Use any version of Microsoft Frontpage to create your site.
    (This won't prevent people from viewing your source, but no one
    will want to steal it.)
    -- from <http://www.vortex-webdesign.com/help/hidesource.htm>
     
    Thomas 'PointedEars' Lahn, Jul 4, 2009
    #6
  7. Laser Lips

    Jorge Guest

    On Jul 4, 8:39 pm, Thomas 'PointedEars' Lahn <>
    wrote:
    > (...)
    > It does _not_ fail in JScript, but it works like an out-of-place (global?)
    > function declaration;
    > (...)


    No, not global.

    --
    Jorge.
     
    Jorge, Jul 4, 2009
    #7
  8. kangax wrote:
    > Thomas 'PointedEars' Lahn wrote:
    >> Garrett Smith wrote:
    >>> A FunctionExpression may have an optional identifier.
    >>>
    >>> However in some engines, it fails. The engine in Safari <= 2 and JScript
    >>> have problems. Otherwise, we could write:-
    >>>
    >>> function DCS() {}
    >>> DCS.prototype.hello = function hello() {
    >>> alert("hello");
    >>> };
    >>>
    >>> - and it would work consistently in more than a few browsers. Safari 2
    >>> is dying out, but unfortunately, we have a lot of IE users to contend with.

    >> It does _not_ fail in JScript, but it works like an out-of-place (global?)

    >
    > Identifier leaks into an enclosing scope, not global one. See example #1
    > <http://yura.thinkweb2.com/named-function-expressions/#jscript-bugs>


    Thanks.

    >> function declaration; after this statement, `hello' is available as a
    >> reference to the function when it shouldn't be.
    >>
    >> First time that I heard it failed in Safari 2.

    >
    > Just read an article. I described Safari 2 situation in details there.
    >
    > <http://yura.thinkweb2.com/named-function-expressions/#safari-bug>
    >
    > And no, it doesn't *always* "fail" in Safari; at least not in this
    > particular example that Garrett gave (`DCS.prototype.hello = function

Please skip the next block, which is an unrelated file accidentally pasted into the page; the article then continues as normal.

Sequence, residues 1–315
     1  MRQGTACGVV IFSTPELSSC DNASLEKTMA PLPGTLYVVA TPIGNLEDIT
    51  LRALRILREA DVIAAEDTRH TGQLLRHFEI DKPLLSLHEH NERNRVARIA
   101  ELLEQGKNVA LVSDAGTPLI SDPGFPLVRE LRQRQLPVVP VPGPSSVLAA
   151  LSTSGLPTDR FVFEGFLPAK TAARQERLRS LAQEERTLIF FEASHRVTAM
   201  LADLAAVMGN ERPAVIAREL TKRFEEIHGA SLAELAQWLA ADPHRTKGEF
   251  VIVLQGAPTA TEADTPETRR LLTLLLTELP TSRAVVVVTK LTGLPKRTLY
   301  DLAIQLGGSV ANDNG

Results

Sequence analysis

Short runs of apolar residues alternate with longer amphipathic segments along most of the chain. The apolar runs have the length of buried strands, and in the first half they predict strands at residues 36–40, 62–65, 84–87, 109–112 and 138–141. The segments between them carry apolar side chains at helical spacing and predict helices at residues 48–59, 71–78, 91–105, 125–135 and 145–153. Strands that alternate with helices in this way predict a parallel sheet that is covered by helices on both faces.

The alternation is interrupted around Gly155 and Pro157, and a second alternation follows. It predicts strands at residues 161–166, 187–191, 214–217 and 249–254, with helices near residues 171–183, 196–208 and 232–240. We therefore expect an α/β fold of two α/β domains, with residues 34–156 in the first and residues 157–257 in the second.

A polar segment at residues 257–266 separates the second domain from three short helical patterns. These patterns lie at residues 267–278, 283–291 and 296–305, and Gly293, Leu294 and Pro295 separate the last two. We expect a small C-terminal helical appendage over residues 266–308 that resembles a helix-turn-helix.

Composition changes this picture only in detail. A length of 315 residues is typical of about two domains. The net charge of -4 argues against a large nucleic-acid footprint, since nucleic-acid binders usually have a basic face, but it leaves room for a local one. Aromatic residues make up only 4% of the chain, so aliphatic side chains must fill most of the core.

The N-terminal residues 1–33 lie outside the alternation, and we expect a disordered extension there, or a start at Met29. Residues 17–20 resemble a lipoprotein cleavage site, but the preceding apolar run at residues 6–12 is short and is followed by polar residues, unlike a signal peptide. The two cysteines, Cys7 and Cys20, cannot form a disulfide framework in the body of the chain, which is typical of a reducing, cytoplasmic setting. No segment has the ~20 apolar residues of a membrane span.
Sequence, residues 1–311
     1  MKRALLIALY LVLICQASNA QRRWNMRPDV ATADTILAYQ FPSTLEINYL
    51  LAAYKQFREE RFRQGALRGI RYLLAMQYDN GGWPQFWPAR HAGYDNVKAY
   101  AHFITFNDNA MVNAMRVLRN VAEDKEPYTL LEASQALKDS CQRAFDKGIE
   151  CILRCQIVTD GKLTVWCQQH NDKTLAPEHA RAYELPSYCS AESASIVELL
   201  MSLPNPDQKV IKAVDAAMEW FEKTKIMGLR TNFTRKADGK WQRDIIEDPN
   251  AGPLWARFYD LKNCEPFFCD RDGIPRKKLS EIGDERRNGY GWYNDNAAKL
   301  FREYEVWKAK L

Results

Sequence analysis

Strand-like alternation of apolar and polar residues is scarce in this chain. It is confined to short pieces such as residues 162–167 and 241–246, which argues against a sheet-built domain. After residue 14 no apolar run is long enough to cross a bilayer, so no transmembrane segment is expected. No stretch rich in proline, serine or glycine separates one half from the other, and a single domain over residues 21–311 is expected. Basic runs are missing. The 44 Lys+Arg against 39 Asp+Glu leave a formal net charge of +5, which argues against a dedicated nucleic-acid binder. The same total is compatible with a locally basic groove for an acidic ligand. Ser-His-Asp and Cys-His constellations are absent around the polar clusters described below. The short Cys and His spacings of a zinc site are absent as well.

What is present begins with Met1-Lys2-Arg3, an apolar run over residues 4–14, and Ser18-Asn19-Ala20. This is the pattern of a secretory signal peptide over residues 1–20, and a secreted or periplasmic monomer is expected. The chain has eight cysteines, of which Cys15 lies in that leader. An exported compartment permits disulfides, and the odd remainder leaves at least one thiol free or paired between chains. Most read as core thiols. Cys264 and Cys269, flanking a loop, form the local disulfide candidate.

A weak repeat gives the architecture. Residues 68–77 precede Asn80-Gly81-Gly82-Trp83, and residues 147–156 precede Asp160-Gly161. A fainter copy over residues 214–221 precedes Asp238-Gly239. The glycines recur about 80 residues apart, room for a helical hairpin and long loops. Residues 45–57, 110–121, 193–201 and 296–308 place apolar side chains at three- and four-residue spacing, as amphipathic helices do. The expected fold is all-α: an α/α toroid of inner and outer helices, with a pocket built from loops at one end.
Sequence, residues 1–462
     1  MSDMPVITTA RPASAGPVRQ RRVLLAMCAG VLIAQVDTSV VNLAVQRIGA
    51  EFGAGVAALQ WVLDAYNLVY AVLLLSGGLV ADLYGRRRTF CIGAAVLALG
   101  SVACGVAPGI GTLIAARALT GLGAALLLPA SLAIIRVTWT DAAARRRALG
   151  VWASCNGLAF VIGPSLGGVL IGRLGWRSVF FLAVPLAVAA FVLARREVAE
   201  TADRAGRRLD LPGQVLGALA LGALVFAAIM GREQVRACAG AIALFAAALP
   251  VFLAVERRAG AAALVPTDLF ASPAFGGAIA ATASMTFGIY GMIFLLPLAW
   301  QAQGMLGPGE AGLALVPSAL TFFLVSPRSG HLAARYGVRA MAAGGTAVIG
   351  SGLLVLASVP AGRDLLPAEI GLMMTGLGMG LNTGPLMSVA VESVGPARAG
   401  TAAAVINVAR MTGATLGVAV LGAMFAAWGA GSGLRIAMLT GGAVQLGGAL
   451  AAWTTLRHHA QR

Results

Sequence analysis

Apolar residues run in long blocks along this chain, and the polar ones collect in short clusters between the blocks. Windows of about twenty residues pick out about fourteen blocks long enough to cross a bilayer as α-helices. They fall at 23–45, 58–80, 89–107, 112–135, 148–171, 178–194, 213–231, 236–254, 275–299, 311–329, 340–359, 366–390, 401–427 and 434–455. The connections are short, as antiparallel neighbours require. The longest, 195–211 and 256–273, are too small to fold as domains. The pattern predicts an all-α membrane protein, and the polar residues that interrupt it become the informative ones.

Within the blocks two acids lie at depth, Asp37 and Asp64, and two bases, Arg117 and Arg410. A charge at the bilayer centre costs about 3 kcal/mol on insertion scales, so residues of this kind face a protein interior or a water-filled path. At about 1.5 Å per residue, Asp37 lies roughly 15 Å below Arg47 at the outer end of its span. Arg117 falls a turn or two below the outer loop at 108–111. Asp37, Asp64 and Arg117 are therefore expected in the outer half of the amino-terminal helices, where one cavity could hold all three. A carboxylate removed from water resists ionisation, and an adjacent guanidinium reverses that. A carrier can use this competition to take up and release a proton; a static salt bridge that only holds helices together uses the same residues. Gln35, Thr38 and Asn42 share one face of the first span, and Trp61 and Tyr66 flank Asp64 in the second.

> hello(){ ... }`).


    That's in fact the old (3.5.1) KJS bug I mentioned some time ago (also
    documented in line 281 of current object.js 0.1.3.2006100822). Konqueror
    uses KJS as script engine, as does WebKit. This bug has been fixed, see
    <http://bugs.kde.org/show_bug.cgi?id=123529>.


    PointedEars
    --
    Prototype.js was written by people who don't know javascript for people
    who don't know javascript. People who don't know javascript are not
    the best source of advice on designing systems that use javascript.
    -- Richard Cornford, cljs, <f806at$ail$1$>
     
    Thomas 'PointedEars' Lahn, Jul 5, 2009
    #8
  9. Laser Lips

    JR Guest

    On Jul 5, 6:41 am, Thomas 'PointedEars' Lahn <>
    wrote:
    > kangax wrote:
    > > Thomas 'PointedEars' Lahn wrote:
    > >> Garrett Smith wrote:
    > >>> A FunctionExpression may have an optional identifier.

    >
    > >>> However in some engines, it fails. The engine in Safari <= 2 and JScript
    > >>> have problems. Otherwise, we could write:-

    >
    > >>> function DCS() {}
    > >>> DCS.prototype.hello = function hello() {
    > >>>    alert("hello");
    > >>> };

    >
    > >>> - and it would work consistently in more than a few browsers. Safari 2
    > >>> is dying out, but unfortunately, we have a lot of IE users to contendwith.
    > >> It does _not_ fail in JScript, but it works like an out-of-place (global?)

    >
    > > Identifier leaks into an enclosing scope, not global one. See example #1
    > > <http://yura.thinkweb2.com/named-function-expressions/#jscript-bugs>

    >
    > Thanks.
    >
    > >> function declaration; after this statement, `hello' is available as a
    > >> reference to the function when it shouldn't be.

    >
    > >> First time that I heard it failed in Safari 2.

    >
    > > Just read an article. I described Safari 2 situation in details there.

    >
    > > <http://yura.thinkweb2.com/named-function-expressions/#safari-bug>

    >
    > > And no, it doesn't *always* "fail" in Safari; at least not in this
    > > particular example that Garrett gave (`DCS.prototype.hello = function
    > > hello(){ ... }`).

    >
    > That's in fact the old (3.5.1) KJS bug I mentioned some time ago (also
    > documented in line 281 of current object.js 0.1.3.2006100822).  Konqueror
    > uses KJS as script engine, as does WebKit.  This bug has been fixed, see
    > <http://bugs.kde.org/show_bug.cgi?id=123529>.
    >
    > PointedEars
    > --
    > Prototype.js was written by people who don't know javascript for people
    > who don't know javascript. People who don't know javascript are not
    > the best source of advice on designing systems that use javascript.
    >   -- Richard Cornford, cljs, <f806at$ail$1$>


    Hey, 'Kangax' is a Prototype.js core developer and he does know
    Javascript a lot.

    --
    JR
     
    JR, Jul 5, 2009
    #9
  10. Laser Lips

    Jorge Guest

    Thomas 'PointedEars' Lahn wrote:
    > (...)
    > Konqueror uses KJS as script engine, as does WebKit.
    > (...)


    LOL, that's not true. KHTML was forked into WebCore and KJS into
    JavaScriptCore many years ago. Both evolved independently ever since...
    until a day came in 2007 -after years of split- when KDE's team came
    back wanting to undo the forking in order to benefit of Apple's now much
    superior rendering engine and JS VM. If this has ever finally
    materialised (which I don't think so), all that you could properly say